Advant-e corporation is a tiny company. There was a time when it was a tiny public company but it is now private and non-reporting. The main attraction for Advant-e tech is that it makes a lot of money compared to it’s market cap. In 2015 it earned $2.6 million, or 45 cents per share. The market cap of the company was $23.5 million and individual shares last traded for $4. The earnings yield of the company is currently 11%. It generally pays out an annual dividend of 20 or 30 cents per share. The dividend typically gets paid sometime in spring or summer and this past year it was $0.20, or about 5% on the last trade.
So What Does Advant-e Do?
Advant-e corporation provides an Electronic Data Interchange (EDI) for grocery stores, auto dealerships, and more recently, healthcare providers. If that doesn’t mean anything to you, I’m unsurprised. It didn’t mean anything to me either. The definition from wikipedia is unhelpful as well,
Electronic Data Interchange (EDI) is an electronic communication method that provides standards for exchanging data via any electronic means. By adhering to the same standard, two different companies or organizations, even in two different countries, can electronically exchange documents (such as purchase orders, invoices, shipping notices, and many others)
So what? Well, this allows grocery stores and grocery store suppliers to do business with each other using a common format. This doesn’t sound super important but grocery stores are typically only interested in working with suppliers which can support the EDI that they use. The model here, then, is for Advant-e to give grocery stores access for free. They then act as a toll booth for suppliers to get access to the grocery stores.
There isn’t really any point for a supplier to use an EDI that doesn’t give them access to the most stores, so the fact that Advant-e has access to a lot of small grocery stores makes it harder for a startup EDI supplier to compete.
This generally only matters for small grocery stores and suppliers as larger chains have their own systems.
So, how has this model been working out?
Pretty well, up and to the right is what you want to see with revenue and income. Here’s something more concrete (all dollar values in thousands):
|Year||Revenue||gross profit||net income|
While we do see a little dip in gross profit in 2015, and revenue has clearly slowed, I chalk that up to the shuttering of Merkur in late 2014 early 2015. Merkur was a division of Advant-e that also did EDI but was software-based rather than internet-based, it helped companies by sending faxes of their paper documents. . The division never performed all that well and was written off in 2014 (you can see a dip in net income there.) The company was then reorganized integrating Merkur’s assets with the rest of the company. My best guess is that there was some loss of Merkur revenue which hid more growth in the company, as the internet-based branch (called Edict systems) did $10.3 million of revenue, in 2014. Even a small drop in the revenue from the Merkur end after the reorganization, could have hidden a significant amount of growth.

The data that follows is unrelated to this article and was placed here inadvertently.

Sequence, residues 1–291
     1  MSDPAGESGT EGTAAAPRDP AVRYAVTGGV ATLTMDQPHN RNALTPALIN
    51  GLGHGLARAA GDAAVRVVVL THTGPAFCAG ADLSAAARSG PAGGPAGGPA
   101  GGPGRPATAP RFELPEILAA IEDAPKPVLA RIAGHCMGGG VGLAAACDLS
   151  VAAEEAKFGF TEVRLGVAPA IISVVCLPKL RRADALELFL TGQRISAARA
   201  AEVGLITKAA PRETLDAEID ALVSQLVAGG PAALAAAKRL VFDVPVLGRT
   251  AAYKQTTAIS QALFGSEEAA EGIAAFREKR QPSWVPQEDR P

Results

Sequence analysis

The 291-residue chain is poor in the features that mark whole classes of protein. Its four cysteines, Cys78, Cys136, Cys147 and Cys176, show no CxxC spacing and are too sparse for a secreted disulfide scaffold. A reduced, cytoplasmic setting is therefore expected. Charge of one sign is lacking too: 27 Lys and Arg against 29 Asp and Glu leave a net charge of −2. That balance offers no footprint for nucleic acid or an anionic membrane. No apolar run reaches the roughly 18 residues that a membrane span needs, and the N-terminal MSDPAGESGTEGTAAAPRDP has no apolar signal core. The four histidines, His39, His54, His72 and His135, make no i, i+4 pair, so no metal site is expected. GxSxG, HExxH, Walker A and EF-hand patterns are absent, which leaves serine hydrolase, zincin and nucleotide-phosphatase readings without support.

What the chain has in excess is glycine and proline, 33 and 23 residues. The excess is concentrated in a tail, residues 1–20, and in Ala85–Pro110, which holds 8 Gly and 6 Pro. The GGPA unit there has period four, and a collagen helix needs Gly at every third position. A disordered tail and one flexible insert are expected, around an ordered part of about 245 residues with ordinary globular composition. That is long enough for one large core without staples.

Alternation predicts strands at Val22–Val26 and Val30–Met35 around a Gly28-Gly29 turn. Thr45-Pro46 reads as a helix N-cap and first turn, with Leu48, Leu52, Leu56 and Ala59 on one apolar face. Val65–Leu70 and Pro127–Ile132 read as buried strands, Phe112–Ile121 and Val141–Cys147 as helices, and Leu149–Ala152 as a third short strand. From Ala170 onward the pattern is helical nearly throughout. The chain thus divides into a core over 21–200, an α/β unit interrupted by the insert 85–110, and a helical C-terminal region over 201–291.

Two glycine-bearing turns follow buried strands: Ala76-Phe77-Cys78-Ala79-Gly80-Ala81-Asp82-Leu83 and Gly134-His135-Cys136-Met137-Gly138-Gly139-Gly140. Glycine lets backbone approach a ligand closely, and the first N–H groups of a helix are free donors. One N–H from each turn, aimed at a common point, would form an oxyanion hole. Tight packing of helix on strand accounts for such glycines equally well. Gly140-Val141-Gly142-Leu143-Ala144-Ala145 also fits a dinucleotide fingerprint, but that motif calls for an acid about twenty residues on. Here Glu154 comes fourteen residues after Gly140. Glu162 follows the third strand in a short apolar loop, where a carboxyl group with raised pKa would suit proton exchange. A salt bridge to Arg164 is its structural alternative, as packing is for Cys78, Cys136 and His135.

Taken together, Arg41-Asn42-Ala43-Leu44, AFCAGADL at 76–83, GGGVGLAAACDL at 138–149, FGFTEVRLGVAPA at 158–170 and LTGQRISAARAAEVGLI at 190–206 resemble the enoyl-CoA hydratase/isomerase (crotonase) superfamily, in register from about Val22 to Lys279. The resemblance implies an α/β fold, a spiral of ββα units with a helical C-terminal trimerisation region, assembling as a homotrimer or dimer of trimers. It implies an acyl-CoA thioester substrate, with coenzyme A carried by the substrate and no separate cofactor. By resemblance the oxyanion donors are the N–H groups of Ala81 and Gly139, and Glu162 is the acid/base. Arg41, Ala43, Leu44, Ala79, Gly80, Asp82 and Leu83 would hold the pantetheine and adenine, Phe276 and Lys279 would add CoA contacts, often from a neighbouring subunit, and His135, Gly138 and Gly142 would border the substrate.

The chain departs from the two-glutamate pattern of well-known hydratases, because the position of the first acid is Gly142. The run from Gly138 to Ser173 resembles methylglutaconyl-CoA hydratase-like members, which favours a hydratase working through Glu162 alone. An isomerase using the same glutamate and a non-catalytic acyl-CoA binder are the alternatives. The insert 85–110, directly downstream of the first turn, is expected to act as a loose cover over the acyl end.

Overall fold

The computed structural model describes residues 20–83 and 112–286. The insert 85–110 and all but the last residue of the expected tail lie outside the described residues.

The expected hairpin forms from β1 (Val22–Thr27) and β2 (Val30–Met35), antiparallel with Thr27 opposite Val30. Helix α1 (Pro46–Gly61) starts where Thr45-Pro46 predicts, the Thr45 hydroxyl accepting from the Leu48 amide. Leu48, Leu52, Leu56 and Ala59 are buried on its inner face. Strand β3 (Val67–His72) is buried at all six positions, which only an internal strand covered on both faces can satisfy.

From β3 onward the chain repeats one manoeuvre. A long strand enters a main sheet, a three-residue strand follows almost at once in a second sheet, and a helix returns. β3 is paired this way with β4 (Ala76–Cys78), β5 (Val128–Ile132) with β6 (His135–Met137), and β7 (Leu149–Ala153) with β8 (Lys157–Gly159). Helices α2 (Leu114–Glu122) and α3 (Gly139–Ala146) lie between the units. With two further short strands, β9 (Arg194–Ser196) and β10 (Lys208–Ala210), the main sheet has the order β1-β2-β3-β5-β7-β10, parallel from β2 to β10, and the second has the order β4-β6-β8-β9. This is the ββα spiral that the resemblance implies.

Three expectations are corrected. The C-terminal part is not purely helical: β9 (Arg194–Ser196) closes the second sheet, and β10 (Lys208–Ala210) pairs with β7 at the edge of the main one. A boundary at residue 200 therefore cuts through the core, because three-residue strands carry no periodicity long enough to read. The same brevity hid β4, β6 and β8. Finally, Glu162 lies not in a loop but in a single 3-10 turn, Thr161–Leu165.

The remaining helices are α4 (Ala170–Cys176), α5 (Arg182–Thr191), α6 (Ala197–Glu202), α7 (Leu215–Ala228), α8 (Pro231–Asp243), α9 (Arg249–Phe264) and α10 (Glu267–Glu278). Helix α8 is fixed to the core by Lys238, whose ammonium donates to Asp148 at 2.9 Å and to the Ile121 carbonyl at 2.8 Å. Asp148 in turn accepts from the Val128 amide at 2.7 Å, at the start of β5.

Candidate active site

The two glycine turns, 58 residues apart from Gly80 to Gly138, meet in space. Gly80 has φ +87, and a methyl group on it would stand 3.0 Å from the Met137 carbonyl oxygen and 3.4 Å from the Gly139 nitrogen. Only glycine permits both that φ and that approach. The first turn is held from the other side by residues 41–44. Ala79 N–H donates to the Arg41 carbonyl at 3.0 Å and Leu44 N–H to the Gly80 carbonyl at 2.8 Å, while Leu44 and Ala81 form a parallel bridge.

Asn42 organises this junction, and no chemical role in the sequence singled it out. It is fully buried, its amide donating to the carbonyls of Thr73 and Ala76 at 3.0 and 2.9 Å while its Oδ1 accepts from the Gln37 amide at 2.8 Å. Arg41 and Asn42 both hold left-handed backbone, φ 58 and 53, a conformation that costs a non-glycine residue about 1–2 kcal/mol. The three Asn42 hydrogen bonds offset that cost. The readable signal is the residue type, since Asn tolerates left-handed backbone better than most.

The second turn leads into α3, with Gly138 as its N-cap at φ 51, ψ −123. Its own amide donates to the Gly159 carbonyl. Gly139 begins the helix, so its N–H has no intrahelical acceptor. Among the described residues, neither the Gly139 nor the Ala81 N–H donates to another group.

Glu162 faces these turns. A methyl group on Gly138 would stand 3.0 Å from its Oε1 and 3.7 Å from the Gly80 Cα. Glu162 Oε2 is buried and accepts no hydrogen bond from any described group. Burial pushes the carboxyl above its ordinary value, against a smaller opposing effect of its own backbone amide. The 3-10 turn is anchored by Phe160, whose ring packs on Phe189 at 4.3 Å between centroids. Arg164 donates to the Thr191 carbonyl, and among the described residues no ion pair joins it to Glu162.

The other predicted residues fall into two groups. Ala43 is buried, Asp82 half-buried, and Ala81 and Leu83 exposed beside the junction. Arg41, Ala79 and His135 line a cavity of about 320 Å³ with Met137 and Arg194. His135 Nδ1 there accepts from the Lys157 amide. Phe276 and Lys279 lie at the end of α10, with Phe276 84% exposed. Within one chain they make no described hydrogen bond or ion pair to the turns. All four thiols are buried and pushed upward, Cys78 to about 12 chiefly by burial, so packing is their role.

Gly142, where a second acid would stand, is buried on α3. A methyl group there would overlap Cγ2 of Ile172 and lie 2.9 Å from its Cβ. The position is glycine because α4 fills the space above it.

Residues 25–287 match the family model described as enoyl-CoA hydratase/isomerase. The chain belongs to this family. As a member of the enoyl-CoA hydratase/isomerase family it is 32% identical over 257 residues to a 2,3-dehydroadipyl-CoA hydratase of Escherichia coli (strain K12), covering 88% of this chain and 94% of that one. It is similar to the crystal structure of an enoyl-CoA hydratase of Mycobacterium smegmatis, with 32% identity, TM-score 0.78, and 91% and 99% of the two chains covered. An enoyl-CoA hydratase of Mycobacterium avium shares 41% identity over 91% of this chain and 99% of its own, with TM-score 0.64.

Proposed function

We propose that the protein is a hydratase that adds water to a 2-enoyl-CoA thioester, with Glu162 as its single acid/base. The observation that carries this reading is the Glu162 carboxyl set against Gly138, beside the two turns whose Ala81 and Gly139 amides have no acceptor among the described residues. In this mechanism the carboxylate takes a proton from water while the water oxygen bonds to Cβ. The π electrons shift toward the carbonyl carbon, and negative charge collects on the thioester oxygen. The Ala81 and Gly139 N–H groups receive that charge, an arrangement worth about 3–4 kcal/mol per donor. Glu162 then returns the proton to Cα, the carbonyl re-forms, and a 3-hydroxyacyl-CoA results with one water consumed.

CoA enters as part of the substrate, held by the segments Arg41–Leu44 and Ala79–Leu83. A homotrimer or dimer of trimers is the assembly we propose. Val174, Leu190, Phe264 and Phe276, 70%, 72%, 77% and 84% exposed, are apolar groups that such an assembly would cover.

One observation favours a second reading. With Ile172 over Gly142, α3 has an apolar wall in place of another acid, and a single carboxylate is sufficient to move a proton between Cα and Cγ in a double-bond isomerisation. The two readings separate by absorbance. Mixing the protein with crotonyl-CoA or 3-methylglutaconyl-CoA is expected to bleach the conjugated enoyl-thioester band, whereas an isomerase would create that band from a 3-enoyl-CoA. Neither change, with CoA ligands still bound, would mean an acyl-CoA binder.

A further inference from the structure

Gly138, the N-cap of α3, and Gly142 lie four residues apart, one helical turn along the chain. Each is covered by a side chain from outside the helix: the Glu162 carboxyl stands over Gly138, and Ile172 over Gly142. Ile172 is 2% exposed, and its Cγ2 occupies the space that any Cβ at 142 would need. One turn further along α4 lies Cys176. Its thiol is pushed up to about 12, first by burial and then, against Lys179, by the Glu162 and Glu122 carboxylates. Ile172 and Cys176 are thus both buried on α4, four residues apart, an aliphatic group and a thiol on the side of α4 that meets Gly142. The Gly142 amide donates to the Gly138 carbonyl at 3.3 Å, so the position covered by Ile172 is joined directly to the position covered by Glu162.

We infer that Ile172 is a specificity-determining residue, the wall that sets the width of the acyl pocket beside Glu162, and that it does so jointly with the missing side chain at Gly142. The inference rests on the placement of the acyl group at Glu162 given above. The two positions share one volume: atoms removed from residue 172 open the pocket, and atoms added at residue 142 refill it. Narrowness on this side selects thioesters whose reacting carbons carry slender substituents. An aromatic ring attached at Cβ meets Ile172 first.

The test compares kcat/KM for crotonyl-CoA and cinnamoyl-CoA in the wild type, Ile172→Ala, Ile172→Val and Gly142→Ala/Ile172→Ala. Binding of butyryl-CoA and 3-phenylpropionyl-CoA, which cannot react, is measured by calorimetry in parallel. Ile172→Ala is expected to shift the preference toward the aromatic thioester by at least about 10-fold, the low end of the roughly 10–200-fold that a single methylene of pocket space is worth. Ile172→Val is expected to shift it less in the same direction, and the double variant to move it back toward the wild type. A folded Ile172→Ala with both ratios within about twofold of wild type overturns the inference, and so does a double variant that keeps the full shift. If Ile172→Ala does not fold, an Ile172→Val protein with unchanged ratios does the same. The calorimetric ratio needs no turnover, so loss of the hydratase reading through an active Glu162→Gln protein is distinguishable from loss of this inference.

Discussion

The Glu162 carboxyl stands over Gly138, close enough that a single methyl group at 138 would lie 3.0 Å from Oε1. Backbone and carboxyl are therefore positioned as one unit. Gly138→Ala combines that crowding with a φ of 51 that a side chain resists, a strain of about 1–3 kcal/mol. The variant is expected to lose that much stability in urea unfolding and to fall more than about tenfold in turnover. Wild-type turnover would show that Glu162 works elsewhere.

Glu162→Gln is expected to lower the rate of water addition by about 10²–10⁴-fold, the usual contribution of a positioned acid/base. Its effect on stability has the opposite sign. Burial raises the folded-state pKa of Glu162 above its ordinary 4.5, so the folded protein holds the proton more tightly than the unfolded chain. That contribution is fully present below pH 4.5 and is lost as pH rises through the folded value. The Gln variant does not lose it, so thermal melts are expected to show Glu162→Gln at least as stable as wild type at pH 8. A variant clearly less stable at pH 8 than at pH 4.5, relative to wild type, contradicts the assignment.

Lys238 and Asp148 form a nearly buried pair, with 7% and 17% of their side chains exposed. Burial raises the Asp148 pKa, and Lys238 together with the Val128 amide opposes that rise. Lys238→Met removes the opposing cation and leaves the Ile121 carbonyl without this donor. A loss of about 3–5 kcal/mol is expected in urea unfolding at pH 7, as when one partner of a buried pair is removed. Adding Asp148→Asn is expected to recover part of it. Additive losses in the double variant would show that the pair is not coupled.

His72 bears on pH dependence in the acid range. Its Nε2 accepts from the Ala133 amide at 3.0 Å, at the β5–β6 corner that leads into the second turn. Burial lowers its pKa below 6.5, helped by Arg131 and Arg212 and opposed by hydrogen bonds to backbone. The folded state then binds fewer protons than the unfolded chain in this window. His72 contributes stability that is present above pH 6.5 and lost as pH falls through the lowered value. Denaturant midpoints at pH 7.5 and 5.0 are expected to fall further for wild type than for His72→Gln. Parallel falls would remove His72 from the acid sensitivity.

Oh man, where do I even start? There’s so much hair on this, it could replace Trump’s piece.
- It’s only recently not a penny stock due to a reverse split (more on that later).
- It’s an internet company, who even knows if it’ll be around in 5-10 years.
- It’s not a reporting public company so you don’t get the same amount of information, and they simply do not have to disclose as much. For example, how much does the CEO make? No idea. This is compounded by the fact that the CEO owns more than half the shares. Really, a lot of money could go out the side door if the CEO just started giving himself raises.
- The stock is extremely illiquid. It has traded between $4 and $5.50 in the past week, some days it doesn’t trade at all.
- If you were a small shareholder you probably had some trouble with this recently for reasons I’ll get into in a future post (a recent reverse split may have cashed you out at market price, the horror). Suffice to say small shareholders in the past haven’t been treated in a way I would consider fair.
- Even past all that, there’s just a basic business risk of working with small grocery stores. I don’t have any reason to believe small grocery stores are even going to be around in 10-20 years.
- The company rents its location from a company wholly owned by the CEO for about $400,000 per year. I’m not sure if this is a fair rent or not, but this sort of thing just generally smells bad.
Even given all the hair, I can’t help myself but love this stock. It’s got basically everything I want. Priced low, management pays the profits out in dividends, it grows. Management owns a bunch of the company and, hopefully, their interests are therefore aligned with mine. It’s illiquid, it’s tiny. My fervent desire is to simply sit on these shares forever.
Disclaimer: I am long ADVC, I have no plans to buy or sell any of the stock within then next 72 hours. I wrote this article myself, and it expresses my own opinions. This is not a recommendation to buy or sell any stock. I am not receiving compensation for it (other than from the owner of the blog District Media Corp). I have no business relationship with any company whose stock is mentioned in this article. Always do your own research before making any trade, buying or selling any stock mentioned.
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